U.S. Hispanic Retirement Attitudes: How Cultural Influences Can Impact Retirement Savings
When presented with an employer-sponsored retirement plan, some workers might jump at the chance to participate. But retirement plans aren't always universally appealing, and participation rates are not what they should be for many Americans. This can be especially true for a key segment of U.S. Hispanics in the workforce.
Several education initiatives, enrollment strategies, and default options developed in recent years have enhanced the appeal of retirement plans and improved participation rates. But there is room for improvement across all demographic segments in America. Research shows the segment of "unacculturated" U.S. Hispanic workers account for the lowest plan-participation rate across companies of all sizes. This market segment is defined as those 26 percent of Hispanic adults who are foreign-born and tend to be "Spanish-dominant" in their cultural practices and language usage.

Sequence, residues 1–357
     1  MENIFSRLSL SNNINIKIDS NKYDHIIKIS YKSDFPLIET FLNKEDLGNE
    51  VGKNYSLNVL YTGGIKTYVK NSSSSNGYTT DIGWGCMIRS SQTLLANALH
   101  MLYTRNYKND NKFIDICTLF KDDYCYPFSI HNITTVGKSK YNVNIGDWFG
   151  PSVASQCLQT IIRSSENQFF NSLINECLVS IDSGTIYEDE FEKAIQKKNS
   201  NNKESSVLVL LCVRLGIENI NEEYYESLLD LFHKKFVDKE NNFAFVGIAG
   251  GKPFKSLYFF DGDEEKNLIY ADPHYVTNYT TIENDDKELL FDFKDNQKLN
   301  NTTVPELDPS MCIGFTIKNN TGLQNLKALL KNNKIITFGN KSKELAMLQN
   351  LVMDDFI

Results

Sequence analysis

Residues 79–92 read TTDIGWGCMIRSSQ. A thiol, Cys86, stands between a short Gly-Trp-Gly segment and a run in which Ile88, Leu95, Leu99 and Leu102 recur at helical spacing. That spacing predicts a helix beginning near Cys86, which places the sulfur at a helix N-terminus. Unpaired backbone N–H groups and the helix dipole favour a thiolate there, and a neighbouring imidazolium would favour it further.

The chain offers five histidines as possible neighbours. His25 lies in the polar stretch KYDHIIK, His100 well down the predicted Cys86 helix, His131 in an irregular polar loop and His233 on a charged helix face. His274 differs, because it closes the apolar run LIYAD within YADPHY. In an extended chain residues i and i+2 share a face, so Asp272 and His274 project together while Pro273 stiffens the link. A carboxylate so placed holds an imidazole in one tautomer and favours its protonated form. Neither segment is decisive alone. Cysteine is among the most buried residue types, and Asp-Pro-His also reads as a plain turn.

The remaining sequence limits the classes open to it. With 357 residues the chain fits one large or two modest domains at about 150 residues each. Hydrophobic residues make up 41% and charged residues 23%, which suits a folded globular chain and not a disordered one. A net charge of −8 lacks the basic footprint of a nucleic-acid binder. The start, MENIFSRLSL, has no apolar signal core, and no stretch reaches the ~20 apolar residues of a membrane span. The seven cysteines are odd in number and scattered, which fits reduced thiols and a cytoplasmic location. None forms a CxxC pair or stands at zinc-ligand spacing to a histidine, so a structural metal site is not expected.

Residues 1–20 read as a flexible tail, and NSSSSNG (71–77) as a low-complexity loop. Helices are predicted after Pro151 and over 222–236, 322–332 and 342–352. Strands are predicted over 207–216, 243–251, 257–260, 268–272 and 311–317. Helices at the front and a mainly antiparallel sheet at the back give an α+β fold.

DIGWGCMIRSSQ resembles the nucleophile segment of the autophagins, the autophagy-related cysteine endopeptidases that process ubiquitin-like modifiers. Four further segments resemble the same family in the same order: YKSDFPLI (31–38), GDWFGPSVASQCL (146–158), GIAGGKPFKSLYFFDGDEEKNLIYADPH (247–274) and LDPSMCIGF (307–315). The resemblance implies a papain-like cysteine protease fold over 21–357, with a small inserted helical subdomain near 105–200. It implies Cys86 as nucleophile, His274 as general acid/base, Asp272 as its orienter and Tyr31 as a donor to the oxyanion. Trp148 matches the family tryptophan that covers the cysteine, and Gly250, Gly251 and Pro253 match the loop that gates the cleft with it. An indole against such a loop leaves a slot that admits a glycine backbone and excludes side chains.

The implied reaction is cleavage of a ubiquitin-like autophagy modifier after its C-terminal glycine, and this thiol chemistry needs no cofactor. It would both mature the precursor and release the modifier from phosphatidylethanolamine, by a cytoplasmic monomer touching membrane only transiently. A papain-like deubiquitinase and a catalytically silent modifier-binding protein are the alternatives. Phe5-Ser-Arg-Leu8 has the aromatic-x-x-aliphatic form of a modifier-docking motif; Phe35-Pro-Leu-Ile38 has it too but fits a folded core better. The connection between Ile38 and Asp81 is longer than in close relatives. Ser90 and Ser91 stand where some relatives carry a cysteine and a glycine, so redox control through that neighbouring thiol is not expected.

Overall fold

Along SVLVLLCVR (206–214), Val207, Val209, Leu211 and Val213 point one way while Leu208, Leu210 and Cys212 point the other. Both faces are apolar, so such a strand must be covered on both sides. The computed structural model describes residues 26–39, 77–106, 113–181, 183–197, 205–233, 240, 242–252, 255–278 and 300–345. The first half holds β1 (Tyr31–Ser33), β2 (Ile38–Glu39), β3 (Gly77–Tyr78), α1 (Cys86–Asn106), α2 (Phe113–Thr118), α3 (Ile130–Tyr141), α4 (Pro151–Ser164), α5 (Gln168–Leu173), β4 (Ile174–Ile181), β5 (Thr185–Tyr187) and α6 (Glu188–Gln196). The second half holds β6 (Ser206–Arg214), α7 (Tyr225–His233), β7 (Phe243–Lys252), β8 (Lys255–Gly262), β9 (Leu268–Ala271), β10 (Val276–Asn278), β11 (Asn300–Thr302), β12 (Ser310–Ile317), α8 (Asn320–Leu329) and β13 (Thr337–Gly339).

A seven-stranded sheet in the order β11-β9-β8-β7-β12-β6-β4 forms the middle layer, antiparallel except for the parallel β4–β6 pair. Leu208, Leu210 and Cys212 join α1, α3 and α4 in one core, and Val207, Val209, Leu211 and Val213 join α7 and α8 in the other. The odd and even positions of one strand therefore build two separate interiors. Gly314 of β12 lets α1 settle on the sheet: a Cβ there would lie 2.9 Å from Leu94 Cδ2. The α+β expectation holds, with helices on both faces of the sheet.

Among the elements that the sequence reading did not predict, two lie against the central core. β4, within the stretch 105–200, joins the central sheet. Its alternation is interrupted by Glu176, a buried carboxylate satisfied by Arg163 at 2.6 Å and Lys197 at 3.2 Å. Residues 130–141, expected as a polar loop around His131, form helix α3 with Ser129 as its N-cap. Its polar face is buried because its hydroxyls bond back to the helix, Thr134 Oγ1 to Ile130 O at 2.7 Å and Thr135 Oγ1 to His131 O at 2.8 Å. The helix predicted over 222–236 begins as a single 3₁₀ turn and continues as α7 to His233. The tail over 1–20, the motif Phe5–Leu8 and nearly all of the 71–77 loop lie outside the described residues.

In this paper, The Principal® explores the reasons behind the trend in low participation among this group and our reasons for concluding that financial professionals — and their plan sponsor clients — should take an acculturation approach when tailoring communication and presentations to this important demographic.
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